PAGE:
Timeline and status
Work package templates should have an easy way to see when a work package should start, how long it will take to complete, and its status (e.g., open, in progress, done).
Projects that use WBS and work packages usually have large, multi-disciplinary teams. A good work package template will take this into account and provide opportunities for collaboration, such as space for comments, approval trackers, and clear roles and responsibilities. Our template allows you to define owners of work packages and activities, a section for feedback, and overall project information like project owner and when the work packages were edited last.
Each work package is made up of a group of related activities. The work package template should allow you to quickly create this list of activities and assign activity owners a short description of the activity and its assigned work package.
Finally, a good work package template will provide an easy way to visualize all this information without having to wade through endless spreadsheets and tables. Our template provides a Gantt chart visualization that can provide a quick reference for all project team members.
Why are work packages so important in project management?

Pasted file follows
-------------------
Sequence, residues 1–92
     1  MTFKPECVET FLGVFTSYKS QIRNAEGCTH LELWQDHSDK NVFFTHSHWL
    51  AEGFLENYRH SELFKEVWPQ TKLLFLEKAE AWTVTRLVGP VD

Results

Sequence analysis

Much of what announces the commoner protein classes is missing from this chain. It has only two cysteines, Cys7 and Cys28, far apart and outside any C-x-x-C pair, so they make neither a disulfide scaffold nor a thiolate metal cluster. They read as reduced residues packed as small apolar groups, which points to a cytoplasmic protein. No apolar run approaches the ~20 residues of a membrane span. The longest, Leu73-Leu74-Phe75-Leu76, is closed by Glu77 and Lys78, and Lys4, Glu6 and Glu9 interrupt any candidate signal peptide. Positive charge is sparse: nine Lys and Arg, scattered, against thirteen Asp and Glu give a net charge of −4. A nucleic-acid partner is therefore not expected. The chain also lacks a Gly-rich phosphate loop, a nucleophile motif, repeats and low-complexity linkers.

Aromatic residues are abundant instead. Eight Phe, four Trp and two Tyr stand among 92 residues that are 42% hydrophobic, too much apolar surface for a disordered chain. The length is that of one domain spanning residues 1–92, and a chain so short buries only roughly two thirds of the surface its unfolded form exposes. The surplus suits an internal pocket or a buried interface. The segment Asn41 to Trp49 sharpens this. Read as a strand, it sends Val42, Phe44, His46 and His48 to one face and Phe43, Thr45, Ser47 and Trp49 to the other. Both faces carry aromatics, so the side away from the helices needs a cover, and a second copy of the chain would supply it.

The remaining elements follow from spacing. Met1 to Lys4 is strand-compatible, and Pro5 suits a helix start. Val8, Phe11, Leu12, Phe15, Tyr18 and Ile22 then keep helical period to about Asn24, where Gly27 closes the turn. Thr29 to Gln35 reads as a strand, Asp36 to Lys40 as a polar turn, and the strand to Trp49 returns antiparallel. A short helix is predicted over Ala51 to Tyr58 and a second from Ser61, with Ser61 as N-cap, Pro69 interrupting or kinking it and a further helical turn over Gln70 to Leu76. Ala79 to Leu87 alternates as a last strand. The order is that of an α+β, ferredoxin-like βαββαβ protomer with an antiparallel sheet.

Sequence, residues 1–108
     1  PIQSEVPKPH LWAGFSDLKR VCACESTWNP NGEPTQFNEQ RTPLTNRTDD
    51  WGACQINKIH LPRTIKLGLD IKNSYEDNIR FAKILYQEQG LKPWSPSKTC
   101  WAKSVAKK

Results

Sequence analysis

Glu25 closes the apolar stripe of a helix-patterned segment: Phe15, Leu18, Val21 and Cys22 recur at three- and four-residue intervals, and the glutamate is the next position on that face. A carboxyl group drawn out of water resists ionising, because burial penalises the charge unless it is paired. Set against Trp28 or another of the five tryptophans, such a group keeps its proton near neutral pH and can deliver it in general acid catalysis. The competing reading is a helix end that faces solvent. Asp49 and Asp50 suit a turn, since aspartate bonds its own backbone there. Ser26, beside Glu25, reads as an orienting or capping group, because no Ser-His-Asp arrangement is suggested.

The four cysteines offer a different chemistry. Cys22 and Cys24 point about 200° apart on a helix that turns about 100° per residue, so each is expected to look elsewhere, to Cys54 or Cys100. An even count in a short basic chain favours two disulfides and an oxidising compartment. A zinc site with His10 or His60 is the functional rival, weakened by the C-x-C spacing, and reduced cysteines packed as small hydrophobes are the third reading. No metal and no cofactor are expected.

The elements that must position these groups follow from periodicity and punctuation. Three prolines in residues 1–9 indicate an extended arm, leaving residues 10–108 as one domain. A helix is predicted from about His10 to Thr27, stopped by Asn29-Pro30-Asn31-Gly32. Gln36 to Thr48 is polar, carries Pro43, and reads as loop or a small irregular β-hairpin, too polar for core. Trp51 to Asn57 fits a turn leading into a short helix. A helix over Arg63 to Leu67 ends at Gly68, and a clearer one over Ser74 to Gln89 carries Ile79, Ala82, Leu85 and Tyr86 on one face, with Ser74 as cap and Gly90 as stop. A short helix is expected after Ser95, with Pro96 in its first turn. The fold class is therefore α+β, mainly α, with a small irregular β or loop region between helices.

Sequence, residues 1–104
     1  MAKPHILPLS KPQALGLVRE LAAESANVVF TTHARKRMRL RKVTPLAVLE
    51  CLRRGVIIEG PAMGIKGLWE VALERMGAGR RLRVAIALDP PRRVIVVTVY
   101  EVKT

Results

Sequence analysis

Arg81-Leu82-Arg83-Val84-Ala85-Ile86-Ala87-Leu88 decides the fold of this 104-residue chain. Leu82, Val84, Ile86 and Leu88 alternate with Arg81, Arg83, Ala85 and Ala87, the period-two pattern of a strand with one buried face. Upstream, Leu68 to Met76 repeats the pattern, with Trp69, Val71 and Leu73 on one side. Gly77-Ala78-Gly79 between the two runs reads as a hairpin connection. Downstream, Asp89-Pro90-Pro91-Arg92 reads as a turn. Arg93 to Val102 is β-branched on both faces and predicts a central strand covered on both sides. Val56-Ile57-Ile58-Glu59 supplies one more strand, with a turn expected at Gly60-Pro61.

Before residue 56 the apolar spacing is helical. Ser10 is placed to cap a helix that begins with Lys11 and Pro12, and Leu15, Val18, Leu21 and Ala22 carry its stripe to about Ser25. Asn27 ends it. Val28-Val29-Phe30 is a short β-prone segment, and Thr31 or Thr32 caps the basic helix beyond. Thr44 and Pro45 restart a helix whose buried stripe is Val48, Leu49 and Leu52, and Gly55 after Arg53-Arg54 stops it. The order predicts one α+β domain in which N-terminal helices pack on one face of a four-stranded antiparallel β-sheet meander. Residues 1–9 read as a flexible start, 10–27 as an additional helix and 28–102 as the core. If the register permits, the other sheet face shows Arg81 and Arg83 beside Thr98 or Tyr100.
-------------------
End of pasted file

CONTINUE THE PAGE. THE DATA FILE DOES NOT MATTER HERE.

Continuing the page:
Work packages are easy-to-understand components of a larger project that make complex project planning procedures much more manageable because you can treat work packages like mini-projects. You can plan your project bit by bit, package by package.
Easier scheduling and better estimates.
A project schedule is always difficult to manage, especially for large, complex projects. Work packages help manage project schedules because they are their own mini-projects with their own schedules.
By breaking down the larger project schedule into mini schedule "building blocks," you can move units of work around in accordance with the necessary timeline and get more accurate, realistic estimates for how long a phase or deliverable might take.
For example, each work package could live in a Gantt chart, providing an immediate visual overview of how the project will progress. This representation of the smallest denomination of work will help you manage and estimate project timelines.
Clear overview of deliverables.
should correlate with a specific deliverable. Once you define all work packages, then you'll essentially have a list of deliverables that are all tied to other related work packages, its milestone, and its phase.
Greater control of tasks and dependencies.
When you create a new work package, you bound a group of related activities into one package (surprise, surprise). This boundary can help you think through activity/task dependencies within the work package more clearly because you're just thinking about this specific set of tasks, not every task in the entire project.
Transparent communication with stakeholders.
Work packages are a simple unit of work that every
can easily wrap their heads around. Instead of having to think through an endless list of activities and tasks, each project team member can instead think about packages and deliverables.